A Day in the Life of a NICU Doctor

By Cherrie Welch, MD, Medical Director, Neonatal Intensive Care Unit at Brenner Children's

I have the incredible honor of serving as one of the attending neonatologists in the Brenner Children’s Neonatal Intensive Care Unit (NICU). I work with a talented team that cares for babies who are born prematurely or who are born with malformations or medical challenges. I have cared for babies delivered at only 22 weeks of gestation (40 is full term) and as small as 12 ounces. Our team cares for some babies in the hospital for only a few days or weeks, and others for nearly the entire first year of their life. It is a rewarding job filled with both miracles and challenges, and I wouldn’t trade it for anything. Here is a day in my life:


On a typical day, I arrive at the hospital around 8:30 am. I never know what the day will hold. It could include happy events (like discharging a baby after a long hospitalization), sad ones (like helping a baby pass on), or anything in between. So the first thing I do each morning is take the temperature of the NICU. This lets me get a sense of whether things are off to an active or peaceful start—although in our unit, that can change in a minute.

Shortly after arriving, I start making rounds with my team, which includes, neonatal nurse practitioners, physician residents, medical students, a pharmacist, a nutritionist, a respiratory therapist, physical therapist, occupational therapist, speech therapist and NICU nurses—all are experts at taking care of tiny human beings. As the attending neonatologist, I lead this team. Over the course of two to three hours, we round the unit, discussing each of the babies and planning their care for the next 24 hours. We encourage parents to be available during our rounds, because they are a part of our team too. While we are experts in our specialties, they are experts on their babies.


When I’ve finished my rounds—around 11-11:30 am—I start meeting with families. Each discussion is different. Sometimes I have a new test result or finding I need to discuss with them; other times I go over the baby’s progress and what needs to happen before he or she can go home.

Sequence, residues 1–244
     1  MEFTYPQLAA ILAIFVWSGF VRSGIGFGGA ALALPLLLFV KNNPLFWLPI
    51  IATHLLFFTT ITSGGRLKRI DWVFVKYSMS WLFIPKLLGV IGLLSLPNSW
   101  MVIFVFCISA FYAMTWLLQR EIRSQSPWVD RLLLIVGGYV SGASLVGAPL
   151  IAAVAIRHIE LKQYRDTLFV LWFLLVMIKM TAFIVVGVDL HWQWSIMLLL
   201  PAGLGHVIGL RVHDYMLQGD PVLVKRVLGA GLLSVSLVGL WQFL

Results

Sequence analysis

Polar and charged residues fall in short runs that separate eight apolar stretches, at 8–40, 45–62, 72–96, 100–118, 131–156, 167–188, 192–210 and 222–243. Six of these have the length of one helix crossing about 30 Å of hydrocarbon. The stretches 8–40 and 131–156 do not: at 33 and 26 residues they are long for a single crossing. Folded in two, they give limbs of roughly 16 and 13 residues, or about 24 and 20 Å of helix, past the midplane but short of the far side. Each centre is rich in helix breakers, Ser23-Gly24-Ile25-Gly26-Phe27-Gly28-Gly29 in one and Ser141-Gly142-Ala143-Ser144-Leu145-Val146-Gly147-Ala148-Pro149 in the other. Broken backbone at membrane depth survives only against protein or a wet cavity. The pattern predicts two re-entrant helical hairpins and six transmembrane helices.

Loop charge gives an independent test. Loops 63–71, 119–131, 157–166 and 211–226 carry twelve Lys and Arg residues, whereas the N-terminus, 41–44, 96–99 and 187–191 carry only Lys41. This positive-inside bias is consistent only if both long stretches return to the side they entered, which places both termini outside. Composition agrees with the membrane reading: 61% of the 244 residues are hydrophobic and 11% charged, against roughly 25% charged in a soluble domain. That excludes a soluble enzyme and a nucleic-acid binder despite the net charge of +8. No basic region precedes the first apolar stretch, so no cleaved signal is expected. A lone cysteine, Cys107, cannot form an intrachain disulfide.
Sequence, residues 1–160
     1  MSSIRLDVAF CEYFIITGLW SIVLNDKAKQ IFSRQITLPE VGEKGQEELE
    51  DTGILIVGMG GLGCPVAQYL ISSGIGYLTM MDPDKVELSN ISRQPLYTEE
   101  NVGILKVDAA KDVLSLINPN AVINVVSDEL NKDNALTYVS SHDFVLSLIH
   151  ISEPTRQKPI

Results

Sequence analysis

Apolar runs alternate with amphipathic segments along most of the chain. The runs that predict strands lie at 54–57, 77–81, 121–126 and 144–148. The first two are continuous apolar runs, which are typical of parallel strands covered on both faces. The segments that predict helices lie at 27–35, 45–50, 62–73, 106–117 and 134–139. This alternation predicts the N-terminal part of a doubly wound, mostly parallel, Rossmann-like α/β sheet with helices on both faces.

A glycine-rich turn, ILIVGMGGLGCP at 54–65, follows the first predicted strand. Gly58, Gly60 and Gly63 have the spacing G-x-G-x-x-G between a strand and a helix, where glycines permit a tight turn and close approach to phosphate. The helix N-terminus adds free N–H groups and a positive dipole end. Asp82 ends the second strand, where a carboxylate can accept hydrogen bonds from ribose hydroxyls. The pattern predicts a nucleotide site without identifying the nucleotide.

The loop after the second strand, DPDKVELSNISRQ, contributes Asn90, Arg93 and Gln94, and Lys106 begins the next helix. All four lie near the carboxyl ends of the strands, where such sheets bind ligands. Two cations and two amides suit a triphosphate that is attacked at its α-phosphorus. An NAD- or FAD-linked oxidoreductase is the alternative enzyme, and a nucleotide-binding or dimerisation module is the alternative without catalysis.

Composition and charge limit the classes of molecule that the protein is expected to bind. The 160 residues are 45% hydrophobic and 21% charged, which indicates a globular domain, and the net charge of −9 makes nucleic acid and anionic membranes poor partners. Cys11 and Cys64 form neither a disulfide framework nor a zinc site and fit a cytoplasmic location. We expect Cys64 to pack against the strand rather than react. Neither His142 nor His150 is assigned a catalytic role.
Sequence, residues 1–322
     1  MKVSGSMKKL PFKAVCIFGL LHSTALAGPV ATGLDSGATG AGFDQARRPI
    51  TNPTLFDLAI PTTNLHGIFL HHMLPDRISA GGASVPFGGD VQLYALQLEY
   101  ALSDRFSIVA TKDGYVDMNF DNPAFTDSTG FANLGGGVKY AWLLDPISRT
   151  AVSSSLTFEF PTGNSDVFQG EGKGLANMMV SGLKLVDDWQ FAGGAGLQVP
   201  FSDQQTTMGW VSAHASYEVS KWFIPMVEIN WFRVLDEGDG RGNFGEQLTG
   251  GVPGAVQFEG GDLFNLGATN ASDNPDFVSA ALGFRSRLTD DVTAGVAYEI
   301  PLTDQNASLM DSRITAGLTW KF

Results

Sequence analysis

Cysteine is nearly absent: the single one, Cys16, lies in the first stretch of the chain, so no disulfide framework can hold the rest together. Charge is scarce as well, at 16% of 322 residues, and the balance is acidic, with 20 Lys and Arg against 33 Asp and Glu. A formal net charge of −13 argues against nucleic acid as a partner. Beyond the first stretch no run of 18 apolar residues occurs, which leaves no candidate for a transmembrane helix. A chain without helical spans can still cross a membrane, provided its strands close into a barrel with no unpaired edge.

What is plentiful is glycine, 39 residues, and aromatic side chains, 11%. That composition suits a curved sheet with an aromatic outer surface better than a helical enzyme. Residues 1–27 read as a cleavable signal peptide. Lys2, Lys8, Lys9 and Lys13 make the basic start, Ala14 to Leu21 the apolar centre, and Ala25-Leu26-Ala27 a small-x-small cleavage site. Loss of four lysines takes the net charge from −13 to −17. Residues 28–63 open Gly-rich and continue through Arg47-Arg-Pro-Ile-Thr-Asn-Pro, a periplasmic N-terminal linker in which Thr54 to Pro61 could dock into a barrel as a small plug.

The babies in our unit have a range of challenges, and each one progresses at a different rate. We are able to help many of our babies grow and heal, but unfortunately, not every baby responds to medical care. In those cases, we discuss palliative care with the family, so that we can make the remaining life of the baby as comfortable as possible.


As my workday comes to a close, I meet with the team that will be taking over the next shift. We discuss the overnight care plan for each baby, and I make the team aware of any concerns or potential problems. Those meetings typically end my day at around 5-5:30 pm—unless I’m on call overnight, which occurs about every 10 days.

Of course, in a hospital environment, things rarely go exactly as scheduled. At any point during my day, we might receive a baby in acute condition who has been transferred from another regional hospital. During those times, I stop everything I’m doing to go care for that baby. Our transport team is amazingly prepared to get sick babies to us in a short amount of time. If a doctor at a community hospital calls us to let us know a premature baby is getting ready to be delivered, our team will travel to that destination so that they can take over as soon as the baby is born.

Rewards of the Job

Each workday as a NICU neonatologist is a day filled with emotional exertion. In our department we see a lot of highs and lows. Fortunately the highs outweigh the lows, and we are frequently able to give sick babies amazing outcomes. One of my favorite parts of my job is that I get to see some of those babies again a couple of years later. When these children are at Brenner for appointments in other departments, their parents often bring them by to see us. Patients I once treated when they were tiny newborns are now running up the hallway to hug me! That’s one of my favorite feelings, and one I get to experience around here frequently. It’s a reminder that the work we do here has a lasting impact.